Here are two of Elizabeth Zimmermann's Baby Surprise Jackets, made from Blue Moon's Socks that Rock in Heavyweight. I love making the BSJ out of this yarn, since they end up so squishy and adorable. Since we knew ahead of time that she was having twin boys, I wanted them to be matching, but not matchy-matchy, ya know? The first one is more of a honey shade, and the second more of a caramel. (I realize it's hard to tell in these photos, so I included a couple of close-ups.)
I wanted to make something that was extra-special and personal, too, so I put a little intarsia Om symbol on the back of this jacket, which I based loosely on the Baby's First Tattoo cardigan out of Stitch 'n Bitch Nation.
Lastly, an heirloom blanket made from Koigu KPPPM (remember when I bought the yarn in Portland?) which you really have to hold to believe it. The hand on this thing is amazing, and it has such a drape. I don't normally make anything with the recommended yarn (cuz I'm a cheapskate, mostly) but this time I'm so glad I did. It is the Big Bad Baby Blanket from the first Stitch n' Bitch book.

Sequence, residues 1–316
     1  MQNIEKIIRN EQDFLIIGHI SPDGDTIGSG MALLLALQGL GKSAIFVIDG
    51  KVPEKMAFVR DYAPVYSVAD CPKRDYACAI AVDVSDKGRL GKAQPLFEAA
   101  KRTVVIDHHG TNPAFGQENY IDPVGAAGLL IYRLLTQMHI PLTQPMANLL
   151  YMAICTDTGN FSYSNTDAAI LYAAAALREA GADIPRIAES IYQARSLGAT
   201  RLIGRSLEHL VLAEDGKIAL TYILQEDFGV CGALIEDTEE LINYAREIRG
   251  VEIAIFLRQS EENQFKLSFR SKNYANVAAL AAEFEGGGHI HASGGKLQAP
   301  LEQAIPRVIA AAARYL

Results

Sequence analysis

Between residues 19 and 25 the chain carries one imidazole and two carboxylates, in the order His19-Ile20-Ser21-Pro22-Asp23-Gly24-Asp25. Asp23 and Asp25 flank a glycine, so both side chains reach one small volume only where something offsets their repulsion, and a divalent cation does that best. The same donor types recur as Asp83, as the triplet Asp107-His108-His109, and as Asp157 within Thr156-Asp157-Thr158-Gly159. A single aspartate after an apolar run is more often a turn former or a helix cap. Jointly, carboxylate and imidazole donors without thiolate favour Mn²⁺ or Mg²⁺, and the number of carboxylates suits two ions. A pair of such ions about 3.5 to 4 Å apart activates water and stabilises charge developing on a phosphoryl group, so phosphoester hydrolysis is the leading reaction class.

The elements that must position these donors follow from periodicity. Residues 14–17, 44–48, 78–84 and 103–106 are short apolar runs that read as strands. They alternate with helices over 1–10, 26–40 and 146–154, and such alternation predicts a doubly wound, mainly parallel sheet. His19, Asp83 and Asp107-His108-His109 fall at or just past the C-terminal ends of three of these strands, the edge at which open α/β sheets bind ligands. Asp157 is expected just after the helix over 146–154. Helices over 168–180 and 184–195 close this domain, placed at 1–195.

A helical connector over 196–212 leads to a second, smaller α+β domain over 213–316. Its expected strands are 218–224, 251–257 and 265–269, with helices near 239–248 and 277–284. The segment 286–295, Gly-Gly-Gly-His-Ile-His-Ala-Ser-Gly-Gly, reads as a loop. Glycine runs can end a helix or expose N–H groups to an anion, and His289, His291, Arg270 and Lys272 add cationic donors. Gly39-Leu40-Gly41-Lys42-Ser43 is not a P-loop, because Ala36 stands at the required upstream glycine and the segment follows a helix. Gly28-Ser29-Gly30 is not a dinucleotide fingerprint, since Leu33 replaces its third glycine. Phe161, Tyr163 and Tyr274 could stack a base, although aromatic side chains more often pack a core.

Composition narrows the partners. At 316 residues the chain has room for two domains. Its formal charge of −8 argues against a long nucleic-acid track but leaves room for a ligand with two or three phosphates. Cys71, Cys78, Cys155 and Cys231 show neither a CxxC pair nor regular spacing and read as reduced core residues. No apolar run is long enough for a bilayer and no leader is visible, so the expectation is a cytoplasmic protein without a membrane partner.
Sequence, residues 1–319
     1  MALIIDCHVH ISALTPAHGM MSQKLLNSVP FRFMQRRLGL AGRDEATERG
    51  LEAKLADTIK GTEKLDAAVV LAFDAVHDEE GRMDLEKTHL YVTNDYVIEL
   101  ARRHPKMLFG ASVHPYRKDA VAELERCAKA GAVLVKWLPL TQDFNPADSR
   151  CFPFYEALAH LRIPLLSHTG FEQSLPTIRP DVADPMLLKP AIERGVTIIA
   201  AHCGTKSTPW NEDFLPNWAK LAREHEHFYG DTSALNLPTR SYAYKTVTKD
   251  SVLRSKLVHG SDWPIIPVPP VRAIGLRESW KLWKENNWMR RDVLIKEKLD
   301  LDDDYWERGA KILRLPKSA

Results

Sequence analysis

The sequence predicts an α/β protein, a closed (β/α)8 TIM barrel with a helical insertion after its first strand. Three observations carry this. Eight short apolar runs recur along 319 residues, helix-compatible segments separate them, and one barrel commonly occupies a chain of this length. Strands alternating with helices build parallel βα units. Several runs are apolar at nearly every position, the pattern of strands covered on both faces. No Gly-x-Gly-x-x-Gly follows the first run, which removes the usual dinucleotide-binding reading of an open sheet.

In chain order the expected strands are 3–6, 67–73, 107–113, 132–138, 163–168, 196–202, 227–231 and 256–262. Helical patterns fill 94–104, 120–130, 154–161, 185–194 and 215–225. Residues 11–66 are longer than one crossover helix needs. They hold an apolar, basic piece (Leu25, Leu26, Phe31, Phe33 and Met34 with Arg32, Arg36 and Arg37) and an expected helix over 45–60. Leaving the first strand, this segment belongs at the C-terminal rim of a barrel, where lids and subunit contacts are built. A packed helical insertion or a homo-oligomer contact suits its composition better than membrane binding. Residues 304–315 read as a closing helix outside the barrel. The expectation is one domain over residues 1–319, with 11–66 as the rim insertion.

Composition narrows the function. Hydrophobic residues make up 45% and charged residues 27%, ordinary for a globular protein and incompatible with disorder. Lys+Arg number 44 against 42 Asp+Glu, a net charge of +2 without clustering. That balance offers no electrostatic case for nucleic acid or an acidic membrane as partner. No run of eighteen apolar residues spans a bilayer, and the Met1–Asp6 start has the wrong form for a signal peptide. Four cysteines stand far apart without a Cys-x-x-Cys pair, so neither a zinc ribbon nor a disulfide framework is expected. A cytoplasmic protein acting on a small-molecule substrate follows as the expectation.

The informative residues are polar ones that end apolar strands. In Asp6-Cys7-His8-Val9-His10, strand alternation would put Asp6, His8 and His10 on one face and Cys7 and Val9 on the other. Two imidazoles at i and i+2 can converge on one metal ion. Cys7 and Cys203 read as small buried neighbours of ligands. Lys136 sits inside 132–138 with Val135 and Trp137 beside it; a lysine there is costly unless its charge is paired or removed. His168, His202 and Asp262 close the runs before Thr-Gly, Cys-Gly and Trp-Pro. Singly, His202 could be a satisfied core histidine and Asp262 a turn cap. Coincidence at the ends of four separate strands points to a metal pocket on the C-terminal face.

It was hard to stop knitting when I did -- I love making baby things since they are so adorable and so quick!
I like having progress bars for my projects on the sidebar, because it is always a good feeling to nudge one up a few percent every once in a while, and see that I am actually getting somewhere with the big projects I am working on. Funny thing is that most of the time, I do loads of little projects that never make it to the sidebar, mostly because I'm too lazy to put them up there before they're done.